inthesticks says...

mortandindi wrote:
This isn't news... the A&E department has been a disaster for years. The doctors on duty are a total liability and should not be in the job at all. The clerical staff have no sense of urgency and only after having to get forceful do they ever do anything. I have personally been mis-diagnosed four times in York A&E in the last eight years!! the worst being told I had a torn hamstring only to find out nearly six months later that I have broken my leg in two places. Close it down until new staff with some sort of IQ can be found. To be honest the rest of the hospital is not much better either.
Why don`t you just attend Leeds hospital & save the staff your `forceful` attitude? You sound like a dream of a patient.
[quote][p][bold]mortandindi[/bold] wrote: This isn't news... the A&E department has been a disaster for years. The doctors on duty are a total liability and should not be in the job at all. The clerical staff have no sense of urgency and only after having to get forceful do they ever do anything. I have personally been mis-diagnosed four times in York A&E in the last eight years!! the worst being told I had a torn hamstring only to find out nearly six months later that I have broken my leg in two places. Close it down until new staff with some sort of IQ can be found. To be honest the rest of the hospital is not much better either.[/p][/quote]Why don`t you just attend Leeds hospital & save the staff your `forceful` attitude? You sound like a dream of a patient. inthesticks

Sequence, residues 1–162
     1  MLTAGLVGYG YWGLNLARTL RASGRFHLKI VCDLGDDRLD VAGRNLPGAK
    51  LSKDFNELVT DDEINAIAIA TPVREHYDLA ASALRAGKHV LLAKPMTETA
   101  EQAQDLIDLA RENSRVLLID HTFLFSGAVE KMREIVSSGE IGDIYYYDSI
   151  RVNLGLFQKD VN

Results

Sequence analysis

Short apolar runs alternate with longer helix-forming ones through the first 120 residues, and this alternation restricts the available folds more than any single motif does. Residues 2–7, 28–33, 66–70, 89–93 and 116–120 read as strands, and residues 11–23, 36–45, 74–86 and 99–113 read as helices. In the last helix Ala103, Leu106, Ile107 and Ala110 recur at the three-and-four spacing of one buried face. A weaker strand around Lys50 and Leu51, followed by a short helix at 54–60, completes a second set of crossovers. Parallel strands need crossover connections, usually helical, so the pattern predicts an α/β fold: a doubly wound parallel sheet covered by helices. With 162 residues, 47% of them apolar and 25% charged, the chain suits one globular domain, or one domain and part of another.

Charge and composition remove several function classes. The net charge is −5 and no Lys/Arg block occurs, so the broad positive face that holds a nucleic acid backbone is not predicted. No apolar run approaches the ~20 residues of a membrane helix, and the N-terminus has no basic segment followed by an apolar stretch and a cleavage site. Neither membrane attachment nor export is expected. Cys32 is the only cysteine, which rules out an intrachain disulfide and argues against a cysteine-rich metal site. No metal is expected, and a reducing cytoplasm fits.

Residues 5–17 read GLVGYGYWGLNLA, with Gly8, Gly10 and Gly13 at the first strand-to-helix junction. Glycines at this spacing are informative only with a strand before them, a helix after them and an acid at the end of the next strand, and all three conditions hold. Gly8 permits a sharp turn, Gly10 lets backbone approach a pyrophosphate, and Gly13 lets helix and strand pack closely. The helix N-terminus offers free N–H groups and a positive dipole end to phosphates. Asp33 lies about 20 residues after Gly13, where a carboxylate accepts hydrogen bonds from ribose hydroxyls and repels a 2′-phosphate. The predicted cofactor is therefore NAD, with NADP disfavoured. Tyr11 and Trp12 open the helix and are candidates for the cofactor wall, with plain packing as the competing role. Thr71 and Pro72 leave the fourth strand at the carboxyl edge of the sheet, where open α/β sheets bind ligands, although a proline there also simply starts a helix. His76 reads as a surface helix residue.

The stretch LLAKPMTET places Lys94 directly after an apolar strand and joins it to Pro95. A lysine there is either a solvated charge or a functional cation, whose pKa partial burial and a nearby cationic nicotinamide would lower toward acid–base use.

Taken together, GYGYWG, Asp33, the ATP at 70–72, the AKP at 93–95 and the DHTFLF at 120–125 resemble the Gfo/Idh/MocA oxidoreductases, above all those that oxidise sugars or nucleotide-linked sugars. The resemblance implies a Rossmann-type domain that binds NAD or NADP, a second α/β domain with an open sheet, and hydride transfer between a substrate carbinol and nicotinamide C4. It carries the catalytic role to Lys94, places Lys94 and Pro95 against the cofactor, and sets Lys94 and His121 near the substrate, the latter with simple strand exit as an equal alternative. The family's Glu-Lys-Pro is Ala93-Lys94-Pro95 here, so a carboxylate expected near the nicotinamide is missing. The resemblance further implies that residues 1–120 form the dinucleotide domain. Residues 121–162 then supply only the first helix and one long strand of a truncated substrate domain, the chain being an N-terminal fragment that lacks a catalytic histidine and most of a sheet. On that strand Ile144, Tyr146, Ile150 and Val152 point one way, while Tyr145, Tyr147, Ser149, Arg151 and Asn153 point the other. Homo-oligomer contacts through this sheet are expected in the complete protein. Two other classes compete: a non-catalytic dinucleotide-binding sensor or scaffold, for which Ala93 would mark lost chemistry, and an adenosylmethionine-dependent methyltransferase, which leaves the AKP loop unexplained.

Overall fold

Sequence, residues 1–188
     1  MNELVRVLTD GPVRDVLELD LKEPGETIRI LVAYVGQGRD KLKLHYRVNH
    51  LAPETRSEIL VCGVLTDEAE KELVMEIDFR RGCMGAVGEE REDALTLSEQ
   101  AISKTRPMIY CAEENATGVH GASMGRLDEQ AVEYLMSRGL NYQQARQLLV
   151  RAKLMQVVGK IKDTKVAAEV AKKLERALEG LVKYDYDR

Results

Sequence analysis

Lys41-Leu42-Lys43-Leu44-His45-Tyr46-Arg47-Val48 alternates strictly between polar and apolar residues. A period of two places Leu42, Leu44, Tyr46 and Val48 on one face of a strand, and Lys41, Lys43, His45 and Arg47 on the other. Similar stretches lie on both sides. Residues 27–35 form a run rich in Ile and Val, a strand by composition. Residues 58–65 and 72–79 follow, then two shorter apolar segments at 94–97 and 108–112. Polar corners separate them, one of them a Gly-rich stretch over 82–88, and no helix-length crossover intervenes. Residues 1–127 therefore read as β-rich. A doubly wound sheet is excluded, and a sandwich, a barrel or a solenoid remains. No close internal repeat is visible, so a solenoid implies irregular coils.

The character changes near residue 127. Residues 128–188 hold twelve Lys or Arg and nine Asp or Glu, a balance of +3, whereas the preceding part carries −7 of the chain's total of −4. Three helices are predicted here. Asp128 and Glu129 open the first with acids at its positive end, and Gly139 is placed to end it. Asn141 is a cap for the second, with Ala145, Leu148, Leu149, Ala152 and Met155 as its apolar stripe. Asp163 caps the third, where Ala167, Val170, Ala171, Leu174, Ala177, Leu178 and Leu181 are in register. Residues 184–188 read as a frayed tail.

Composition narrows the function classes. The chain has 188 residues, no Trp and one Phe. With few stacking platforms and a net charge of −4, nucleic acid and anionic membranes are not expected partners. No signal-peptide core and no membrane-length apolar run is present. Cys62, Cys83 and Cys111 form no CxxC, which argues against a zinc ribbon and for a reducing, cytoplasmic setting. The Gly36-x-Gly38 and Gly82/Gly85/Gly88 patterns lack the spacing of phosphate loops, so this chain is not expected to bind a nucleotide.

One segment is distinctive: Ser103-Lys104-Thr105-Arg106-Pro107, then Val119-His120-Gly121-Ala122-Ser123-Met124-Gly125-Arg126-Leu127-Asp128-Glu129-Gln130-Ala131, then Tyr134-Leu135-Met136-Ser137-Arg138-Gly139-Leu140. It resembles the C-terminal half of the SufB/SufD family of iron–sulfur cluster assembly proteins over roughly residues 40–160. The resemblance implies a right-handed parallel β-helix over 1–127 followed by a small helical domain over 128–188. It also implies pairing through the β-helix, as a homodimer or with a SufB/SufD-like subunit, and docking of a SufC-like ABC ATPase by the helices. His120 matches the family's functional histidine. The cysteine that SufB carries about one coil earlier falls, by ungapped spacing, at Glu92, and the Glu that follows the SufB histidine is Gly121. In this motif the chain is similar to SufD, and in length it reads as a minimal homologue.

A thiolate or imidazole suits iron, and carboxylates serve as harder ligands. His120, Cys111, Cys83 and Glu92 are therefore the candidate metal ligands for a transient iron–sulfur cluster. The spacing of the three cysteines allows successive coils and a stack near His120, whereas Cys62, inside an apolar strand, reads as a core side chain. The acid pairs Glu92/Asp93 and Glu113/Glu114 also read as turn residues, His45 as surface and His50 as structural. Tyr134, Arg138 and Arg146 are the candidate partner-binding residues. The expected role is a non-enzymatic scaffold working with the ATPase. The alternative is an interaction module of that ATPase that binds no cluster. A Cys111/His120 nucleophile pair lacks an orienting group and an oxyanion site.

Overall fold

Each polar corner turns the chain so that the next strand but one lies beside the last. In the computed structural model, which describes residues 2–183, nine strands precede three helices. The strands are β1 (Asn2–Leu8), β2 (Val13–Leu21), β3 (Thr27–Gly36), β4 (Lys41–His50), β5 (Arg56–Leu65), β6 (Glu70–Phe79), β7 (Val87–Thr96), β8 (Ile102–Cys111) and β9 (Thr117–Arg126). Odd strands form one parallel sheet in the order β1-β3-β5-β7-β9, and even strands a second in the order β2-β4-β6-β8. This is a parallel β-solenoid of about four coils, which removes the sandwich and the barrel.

6:55pm Tue 7 Jan 14

AntMcM says...

How can they run an A&E department without a consultant there overnight? Answer: they can't, it's a disastrous department which regularly makes serious life-threatening mistakes. In the meantime the administrators' salaries continue to increase...
How can they run an A&E department without a consultant there overnight? Answer: they can't, it's a disastrous department which regularly makes serious life-threatening mistakes. In the meantime the administrators' salaries continue to increase... AntMcM

11:07pm Wed 8 Jan 14

hca2013 says...

I hate when you get story's like this as their so one sided. Its not just a and e in york its a nationwide problem and we all focus on the negatives and yet you never mention all the hard work that happens everyday , so what if waiting times are longer, take the time to think off the poor person who is not waiting and is serious york hospital covers such a large area and when smaller hospitals are shut weekends and out of hours doctors sometimes send people to a and e anyway. Why don't people volunteer and give up their time to campaign to improve it instead of just criticizing it.
I hate when you get story's like this as their so one sided. Its not just a and e in york its a nationwide problem and we all focus on the negatives and yet you never mention all the hard work that happens everyday , so what if waiting times are longer, take the time to think off the poor person who is not waiting and is serious york hospital covers such a large area and when smaller hospitals are shut weekends and out of hours doctors sometimes send people to a and e anyway. Why don't people volunteer and give up their time to campaign to improve it instead of just criticizing it. hca2013